Thursday, February 23, 2017

"A Criminal Defense"

Bill Myers is a trial attorney. For the past thirty years, he’s tried cases in state and federal courts up and down the East Coast. When he was only 36, he had the rare honor of arguing before the United States Supreme Court. Myers lives outside of Philadelphia with his wife, Lisa.

He applied the Page 69 Test to his new novel, A Criminal Defense, and reported the following:
From page 69:
Jennifer Yamura’s white teeth were flawlessly aligned, and the overall effect of her face was so striking that she could’ve been featured in one of those Korean Air TV commercials—except that her ancestry was Japanese.

She had planted herself in front of us and greeted Jack. “How have you been?”

“Well enough,” Jack answered coolly.

“And you’re Mr. McFarland, one of the rising stars of the criminal-defense bar.” Yamura said this with just enough irony to make it more cutting than complimentary.

“I’ve tried a few cases,” I said.

“Bet you have some good stories.” She smiled.

“Is that why you’re here?” I asked. “Looking for a story?”

“I’m here to support the cause. But, of course, I’m always looking for a story. You have one you want to share?”

I tried to think of something glib but fell flat.

Yamura persisted, asking questions about my practice. The inquiries seemed innocuous enough, but I got the distinct impression I was being studied, probed. Evaluated for my potential usefulness.

Jack turned to me after Jennifer Yamura had walked away. “That one’s radioactive,” he said. “She glows real pretty. Just don’t get too close.”
A Criminal Defense tells the story of a defense attorney–Mick McFarland—struggling to defend a former friend accused of murdering a beautiful young reporter, Jennifer Yamura. Page 69 is the only place we see Jennifer alive, and one of only two times, Mick met her before her death. The passage above, and the lines that follow (“She seems to be everywhere, all the time,” Jack said. “On the hunt, trying to bag the big scoop that will land her in the anchor’s chair”), demonstrate Jennifer’s ambition. Mick’s observation at the bottom of the page (“I looked across the room to see Jennifer Yamura talking to the mayor. She touched his wrists, laughing at something he said.”) hints that her primary investigative talent is the manipulation of men. And in the end, for Jennifer, it is her seductive skill that brings about her undoing. She plays the wrong man, setting into motion the events that will lead to her death, which ensnares Mick in a web whose unwinding requires him to construct a criminal defense based on deceit, blackmail and perjury. A criminal defense that is, itself, criminal.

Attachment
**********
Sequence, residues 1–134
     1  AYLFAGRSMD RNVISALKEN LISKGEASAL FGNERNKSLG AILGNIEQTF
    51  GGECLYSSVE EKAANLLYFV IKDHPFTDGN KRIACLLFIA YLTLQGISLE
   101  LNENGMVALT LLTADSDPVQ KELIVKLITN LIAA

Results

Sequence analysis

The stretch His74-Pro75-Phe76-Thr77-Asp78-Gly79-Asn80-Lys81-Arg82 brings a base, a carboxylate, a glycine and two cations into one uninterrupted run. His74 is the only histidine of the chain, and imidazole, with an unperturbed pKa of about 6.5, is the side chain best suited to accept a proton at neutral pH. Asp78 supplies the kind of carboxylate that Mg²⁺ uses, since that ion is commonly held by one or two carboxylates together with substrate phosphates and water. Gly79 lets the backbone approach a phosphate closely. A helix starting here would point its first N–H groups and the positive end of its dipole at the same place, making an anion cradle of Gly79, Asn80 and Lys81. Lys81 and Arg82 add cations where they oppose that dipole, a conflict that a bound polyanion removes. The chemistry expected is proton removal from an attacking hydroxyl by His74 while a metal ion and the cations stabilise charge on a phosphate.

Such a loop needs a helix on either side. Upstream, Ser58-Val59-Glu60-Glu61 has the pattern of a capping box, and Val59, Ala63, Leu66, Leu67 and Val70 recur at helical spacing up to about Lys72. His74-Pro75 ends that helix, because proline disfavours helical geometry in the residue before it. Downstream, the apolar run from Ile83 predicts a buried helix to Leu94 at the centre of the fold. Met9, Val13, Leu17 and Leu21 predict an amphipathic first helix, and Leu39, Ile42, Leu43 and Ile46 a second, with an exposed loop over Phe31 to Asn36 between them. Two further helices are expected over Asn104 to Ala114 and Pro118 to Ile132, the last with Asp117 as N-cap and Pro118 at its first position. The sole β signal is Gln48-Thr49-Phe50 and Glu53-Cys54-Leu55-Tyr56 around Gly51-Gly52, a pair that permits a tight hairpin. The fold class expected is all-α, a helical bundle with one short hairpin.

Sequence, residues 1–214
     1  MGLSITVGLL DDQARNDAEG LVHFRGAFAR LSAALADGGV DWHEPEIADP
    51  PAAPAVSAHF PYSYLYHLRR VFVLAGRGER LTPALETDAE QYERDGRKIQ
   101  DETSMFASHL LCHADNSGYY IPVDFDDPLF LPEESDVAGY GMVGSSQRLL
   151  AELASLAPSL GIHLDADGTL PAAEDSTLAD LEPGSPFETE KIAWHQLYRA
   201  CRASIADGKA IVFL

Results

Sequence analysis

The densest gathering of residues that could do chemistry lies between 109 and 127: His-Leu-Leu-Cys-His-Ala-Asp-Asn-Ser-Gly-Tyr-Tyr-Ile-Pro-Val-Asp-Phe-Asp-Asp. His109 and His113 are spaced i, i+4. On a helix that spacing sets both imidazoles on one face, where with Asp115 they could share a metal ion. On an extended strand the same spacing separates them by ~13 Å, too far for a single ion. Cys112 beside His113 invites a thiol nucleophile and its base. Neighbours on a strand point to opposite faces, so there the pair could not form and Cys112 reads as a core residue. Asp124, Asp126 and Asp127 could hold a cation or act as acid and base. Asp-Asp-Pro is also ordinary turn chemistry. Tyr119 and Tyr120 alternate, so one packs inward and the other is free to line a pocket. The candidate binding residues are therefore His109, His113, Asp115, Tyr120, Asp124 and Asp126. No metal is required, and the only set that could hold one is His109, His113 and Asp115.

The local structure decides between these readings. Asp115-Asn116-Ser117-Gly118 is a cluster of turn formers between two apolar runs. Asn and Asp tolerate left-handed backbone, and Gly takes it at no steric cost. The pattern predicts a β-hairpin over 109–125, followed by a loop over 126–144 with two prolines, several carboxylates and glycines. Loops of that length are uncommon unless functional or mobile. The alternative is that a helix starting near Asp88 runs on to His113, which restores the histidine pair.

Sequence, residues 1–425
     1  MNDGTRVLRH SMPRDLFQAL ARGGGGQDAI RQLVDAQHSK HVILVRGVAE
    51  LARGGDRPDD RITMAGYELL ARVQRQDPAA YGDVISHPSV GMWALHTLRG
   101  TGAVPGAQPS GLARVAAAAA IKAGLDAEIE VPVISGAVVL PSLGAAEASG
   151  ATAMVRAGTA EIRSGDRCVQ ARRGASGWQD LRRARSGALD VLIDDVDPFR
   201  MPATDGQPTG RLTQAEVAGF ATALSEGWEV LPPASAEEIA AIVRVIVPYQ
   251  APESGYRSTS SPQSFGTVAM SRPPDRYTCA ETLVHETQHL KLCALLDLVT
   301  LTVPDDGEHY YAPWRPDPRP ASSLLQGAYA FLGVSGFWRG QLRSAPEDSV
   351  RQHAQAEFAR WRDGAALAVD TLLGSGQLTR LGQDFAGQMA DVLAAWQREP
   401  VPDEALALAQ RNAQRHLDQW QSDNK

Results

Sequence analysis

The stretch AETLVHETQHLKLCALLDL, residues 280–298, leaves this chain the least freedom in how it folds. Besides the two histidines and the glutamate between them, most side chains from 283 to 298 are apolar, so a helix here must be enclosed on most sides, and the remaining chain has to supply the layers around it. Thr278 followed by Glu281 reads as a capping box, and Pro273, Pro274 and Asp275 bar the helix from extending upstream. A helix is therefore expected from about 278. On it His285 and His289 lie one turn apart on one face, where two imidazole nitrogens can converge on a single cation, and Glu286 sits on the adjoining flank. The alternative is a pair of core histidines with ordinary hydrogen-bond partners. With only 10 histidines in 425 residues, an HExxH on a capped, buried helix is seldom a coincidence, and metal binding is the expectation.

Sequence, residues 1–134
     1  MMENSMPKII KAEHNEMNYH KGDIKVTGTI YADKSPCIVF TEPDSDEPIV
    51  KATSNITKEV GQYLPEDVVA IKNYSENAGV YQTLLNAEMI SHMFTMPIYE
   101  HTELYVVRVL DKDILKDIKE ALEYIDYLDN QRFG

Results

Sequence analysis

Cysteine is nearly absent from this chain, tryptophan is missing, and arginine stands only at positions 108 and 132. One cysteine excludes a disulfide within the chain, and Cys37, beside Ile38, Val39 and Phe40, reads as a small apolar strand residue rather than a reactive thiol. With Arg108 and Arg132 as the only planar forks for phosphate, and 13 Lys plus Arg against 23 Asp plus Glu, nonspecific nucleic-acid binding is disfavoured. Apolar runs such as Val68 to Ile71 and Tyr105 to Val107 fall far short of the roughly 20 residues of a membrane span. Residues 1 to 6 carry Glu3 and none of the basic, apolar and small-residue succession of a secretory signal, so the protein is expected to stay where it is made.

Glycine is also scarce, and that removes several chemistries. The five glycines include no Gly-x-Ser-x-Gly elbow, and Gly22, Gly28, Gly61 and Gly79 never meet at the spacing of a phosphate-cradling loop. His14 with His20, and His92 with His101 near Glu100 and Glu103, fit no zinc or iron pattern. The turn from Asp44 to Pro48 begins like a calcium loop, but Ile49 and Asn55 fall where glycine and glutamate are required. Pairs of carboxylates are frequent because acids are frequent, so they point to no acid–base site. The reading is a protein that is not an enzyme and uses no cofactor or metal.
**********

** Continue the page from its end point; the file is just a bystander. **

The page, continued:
Learn more about A Criminal Defense.

--Marshal Zeringue

Wednesday, February 22, 2017

"The Second Mrs. Hockaday"

Susan Rivers holds an MFA in Fiction Writing from Queens University of Charlotte in North Carolina, where she was awarded a Regional Artist Grant from the Arts and Sciences Council for her fiction. As a playwright, she received the Julie Harris Playwriting Award and the New York Drama League Award, worked as an NEA Writer-in-Residence in San Francisco, and was a finalist for the Susan Smith Blackburn Award for British and American Women Playwrights. She is a veteran of both the Playwrights Festival at Sundance Institute for the Arts and the Eugene O’Neill Playwrights Conference and has crossed the country, from Seattle to St. Louis, working on professional productions of her plays.

Rivers and her husband currently live in a small town in rural South Carolina. She teaches English at the University of South Carolina Upstate in Spartanburg.

Rivers applied the Page 69 Test to her new novel, The Second Mrs. Hockaday, and reported the following:
From page 69:
He was thinner than I remembered from the day before. More careworn. It reminded me that he had lost his wife less than three months earlier and had nearly buried his baby son. In addition, he had been far from home, fighting a war. His face was unshaven and his uniform, I noticed, looked shabby in the morning light, as if he had tumbled it with a bag of rocks before donning it to call upon my father and stepmother. He was as strange to me as a manatee, dear Cousin. Or an Indian chief. And yet I recognized that he was fully at ease with the man who stood gazing at me from across the carpet: he was open, authentic, concealing nothing -- not even the diminution of strength and spirits he was feeling, considering his troubles. The scant value he placed on appearances was also evident in the way he looked at me. Since my sixteenth birthday I have been conscious of how certain men, especially those who lack good breeding, study me with their eyes, as if I were a confection being wheeled past on a cart. A gleam of appetite sparks in their eyes as they take in my face; their gaze moves to the rest of me and evaluates the substantive components along with the decorative ones, weighs the whole, and then returns to my face with the eyes now veiled by a scrim of pretense (easily penetrated, if they only knew!) that attempts to feign mild admiration not yet linked to acquisition. The major's black eyes, however, did not rove. They fixed on my face and remained there, as if plumbing a body of clear water for its depths. Because their lucent focus was fully unfiltered, I was able to detect the slightest quality of apprehension fluttering there: not as if he feared to be revealed to me, but as if he doubted his right to engage my commitment on the same spartan terms of self-disclosure.